A new community bookmobile made its first appearance at Vashon’s Strawberry Festival last weekend (Jim Diers Photo).

A new community bookmobile made its first appearance at Vashon’s Strawberry Festival last weekend (Jim Diers Photo).

Bookmobile Aims To Make Vashon Stronger, One Tome at a Time

Vashon Reads is one of the island’s newest non-profit organizations.

  • Wednesday, July 21, 2021 8:58pm
  • News

By Jenni Wilke

For The Beachcomber

The Vashon Reads Bookmobile made its debut at the Strawberry Festival. Only eleven feet long and five feet wide, and branded with a Kawaii-inspired logo, the vehicle was a crowd favorite all weekend.

People loved hearing about how board president, Jen Salisbury, found the retired fire truck from Japan and thought it would be a perfect fit for a bookmobile. After showing it to some early supporters, she was surprised to discover they went and bought it for the organization that very day.

Vashon Reads is one of the island’s newest non-profit organizations. Inspired by her experience as the Reading Specialist at Chautauqua, Jen Salisbury has been putting pieces together all year to get the organization off the ground.

“As I worked with students in the reading program, it became clear that not all of them have access to books at home,” she said. “Visiting the library and shopping at bookstores is not part of their regular routines.”

After tracking the success of the school’s home-based summer intervention programs and book distribution during remote learning, Salisbury determined a bookmobile could fill that gap for many students.

With the vehicle ready, a board formed, and 501c3 paperwork filed, the next step for Vashon Reads is raising funds to purchase books. The organization would like to have the newest titles in sturdy library bindings ready to be distributed by the end of the summer. Information about the bookmobile’s schedule will be available in several places online and delivered by email.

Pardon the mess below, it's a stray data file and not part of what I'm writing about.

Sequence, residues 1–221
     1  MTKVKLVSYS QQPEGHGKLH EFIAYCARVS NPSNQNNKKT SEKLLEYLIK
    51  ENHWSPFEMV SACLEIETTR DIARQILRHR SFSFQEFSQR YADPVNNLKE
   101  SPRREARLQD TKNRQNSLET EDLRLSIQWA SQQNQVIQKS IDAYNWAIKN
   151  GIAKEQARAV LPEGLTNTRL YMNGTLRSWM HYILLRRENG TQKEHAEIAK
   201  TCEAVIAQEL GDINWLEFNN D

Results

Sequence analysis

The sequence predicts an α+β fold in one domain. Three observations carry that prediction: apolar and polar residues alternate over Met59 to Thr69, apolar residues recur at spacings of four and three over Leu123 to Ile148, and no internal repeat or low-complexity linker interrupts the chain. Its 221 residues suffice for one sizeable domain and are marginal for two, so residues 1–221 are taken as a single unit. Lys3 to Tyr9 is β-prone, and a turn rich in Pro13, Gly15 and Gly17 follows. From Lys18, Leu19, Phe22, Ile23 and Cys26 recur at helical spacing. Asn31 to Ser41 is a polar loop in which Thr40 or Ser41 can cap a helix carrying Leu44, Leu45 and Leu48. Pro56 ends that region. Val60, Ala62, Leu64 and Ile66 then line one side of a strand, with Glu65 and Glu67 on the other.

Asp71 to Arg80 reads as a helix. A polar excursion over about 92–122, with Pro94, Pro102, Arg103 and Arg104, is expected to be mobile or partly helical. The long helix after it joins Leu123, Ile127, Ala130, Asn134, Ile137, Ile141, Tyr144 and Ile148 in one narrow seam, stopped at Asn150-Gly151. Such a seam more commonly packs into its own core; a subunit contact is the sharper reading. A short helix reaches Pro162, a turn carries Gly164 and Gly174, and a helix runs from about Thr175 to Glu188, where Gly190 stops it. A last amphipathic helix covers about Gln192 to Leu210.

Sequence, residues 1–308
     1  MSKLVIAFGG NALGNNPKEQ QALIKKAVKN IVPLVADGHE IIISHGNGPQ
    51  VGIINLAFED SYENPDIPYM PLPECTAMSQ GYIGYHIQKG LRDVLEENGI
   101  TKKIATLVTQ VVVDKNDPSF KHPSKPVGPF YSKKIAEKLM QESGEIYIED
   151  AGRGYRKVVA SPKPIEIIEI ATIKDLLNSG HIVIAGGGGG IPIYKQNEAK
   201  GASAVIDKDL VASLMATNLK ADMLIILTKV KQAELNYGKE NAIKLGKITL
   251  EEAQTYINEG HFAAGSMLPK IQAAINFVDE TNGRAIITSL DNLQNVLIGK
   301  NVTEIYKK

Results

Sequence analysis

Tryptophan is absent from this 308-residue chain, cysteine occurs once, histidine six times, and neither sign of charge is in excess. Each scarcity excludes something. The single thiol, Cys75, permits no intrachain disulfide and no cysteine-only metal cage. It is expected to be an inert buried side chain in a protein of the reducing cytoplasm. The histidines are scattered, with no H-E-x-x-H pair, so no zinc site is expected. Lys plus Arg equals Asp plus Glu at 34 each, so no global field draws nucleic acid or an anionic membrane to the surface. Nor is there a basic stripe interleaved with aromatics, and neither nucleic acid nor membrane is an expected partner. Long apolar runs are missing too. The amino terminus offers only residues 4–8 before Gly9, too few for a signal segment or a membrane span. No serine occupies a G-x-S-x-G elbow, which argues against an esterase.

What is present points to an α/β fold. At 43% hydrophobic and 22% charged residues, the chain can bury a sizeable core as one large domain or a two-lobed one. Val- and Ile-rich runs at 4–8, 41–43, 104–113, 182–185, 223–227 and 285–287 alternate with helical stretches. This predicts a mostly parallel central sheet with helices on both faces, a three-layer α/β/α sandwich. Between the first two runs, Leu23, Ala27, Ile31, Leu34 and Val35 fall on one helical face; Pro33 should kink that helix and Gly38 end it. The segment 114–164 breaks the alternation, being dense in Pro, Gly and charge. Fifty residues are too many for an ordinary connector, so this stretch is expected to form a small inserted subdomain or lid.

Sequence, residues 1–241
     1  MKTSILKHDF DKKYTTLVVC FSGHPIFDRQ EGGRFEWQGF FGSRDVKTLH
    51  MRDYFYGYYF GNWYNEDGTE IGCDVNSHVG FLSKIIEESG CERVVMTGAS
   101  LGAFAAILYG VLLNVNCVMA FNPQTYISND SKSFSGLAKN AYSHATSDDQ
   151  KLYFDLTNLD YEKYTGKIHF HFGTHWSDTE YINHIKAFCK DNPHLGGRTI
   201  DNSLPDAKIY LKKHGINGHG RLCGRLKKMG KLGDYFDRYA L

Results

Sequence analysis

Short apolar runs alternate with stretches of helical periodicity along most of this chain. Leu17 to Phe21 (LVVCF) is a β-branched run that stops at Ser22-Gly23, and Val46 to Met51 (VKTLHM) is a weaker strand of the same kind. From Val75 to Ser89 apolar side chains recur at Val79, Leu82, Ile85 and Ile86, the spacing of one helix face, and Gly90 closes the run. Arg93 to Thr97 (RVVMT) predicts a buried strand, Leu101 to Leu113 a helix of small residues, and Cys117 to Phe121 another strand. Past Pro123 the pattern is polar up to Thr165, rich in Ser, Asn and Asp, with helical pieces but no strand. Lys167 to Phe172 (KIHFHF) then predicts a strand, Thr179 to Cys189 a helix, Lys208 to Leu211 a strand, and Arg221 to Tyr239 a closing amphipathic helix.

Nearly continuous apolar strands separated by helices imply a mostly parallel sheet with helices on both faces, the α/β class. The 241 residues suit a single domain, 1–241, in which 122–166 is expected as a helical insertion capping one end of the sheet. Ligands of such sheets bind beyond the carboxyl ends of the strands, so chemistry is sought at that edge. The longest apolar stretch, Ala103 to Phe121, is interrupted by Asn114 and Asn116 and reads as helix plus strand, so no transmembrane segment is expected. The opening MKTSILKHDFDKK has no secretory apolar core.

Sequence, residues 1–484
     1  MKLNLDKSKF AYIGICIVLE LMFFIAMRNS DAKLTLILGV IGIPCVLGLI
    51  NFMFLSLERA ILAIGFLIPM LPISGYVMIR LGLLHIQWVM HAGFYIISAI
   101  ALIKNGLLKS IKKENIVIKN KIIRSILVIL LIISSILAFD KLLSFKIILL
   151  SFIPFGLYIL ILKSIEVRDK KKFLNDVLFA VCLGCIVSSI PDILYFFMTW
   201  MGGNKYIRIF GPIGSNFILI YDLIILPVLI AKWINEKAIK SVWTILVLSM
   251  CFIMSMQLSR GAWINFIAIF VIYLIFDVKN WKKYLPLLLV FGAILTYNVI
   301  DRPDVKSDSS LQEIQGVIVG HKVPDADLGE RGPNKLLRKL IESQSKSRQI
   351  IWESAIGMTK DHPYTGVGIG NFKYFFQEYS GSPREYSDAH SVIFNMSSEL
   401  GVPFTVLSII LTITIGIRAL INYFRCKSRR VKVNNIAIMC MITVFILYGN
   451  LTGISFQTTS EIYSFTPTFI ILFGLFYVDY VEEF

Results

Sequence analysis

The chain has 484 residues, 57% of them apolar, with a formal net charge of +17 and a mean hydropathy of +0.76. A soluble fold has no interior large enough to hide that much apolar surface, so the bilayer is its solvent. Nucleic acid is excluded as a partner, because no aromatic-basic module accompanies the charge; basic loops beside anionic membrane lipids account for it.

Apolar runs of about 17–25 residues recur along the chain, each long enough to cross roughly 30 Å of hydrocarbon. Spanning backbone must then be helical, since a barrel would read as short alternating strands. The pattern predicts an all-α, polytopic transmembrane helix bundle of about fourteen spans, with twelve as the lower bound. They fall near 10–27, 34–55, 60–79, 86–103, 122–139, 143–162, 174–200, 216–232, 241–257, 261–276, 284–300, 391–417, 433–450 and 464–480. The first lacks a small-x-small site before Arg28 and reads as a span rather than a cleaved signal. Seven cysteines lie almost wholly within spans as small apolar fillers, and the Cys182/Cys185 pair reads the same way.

Strawberry Festival goers contributed almost $500 to the cause throughout the weekend, donating cash at the booth or using a QR code to visit the donation page on the group’s website.

Salisbury was encouraged by the response.

“To see our vision come to reality this weekend was incredible. As soon as we parked from the parade there were children waiting to start reading books,” she said. “People stopped to tell us stories of what bookmobiles have meant to them, offered ideas and support, and shared in the excitement of the impact we’ll have.”

Once a bookmobile route is established, Vashon Reads has other goals to promote literacy on the island, including organizing and training volunteers to read with students and providing tips and coaching for families to develop reading routines in the home. Developing a habit and love of reading can do more than just increase a student’s academic success. Researchers have found that readers are more likely to find satisfying careers, express empathy for others, and be engaged in their communities.

To learn more about Vashon Reads, visit vashonreads.org, or find Vashon Reads on Facebook and Instagram.


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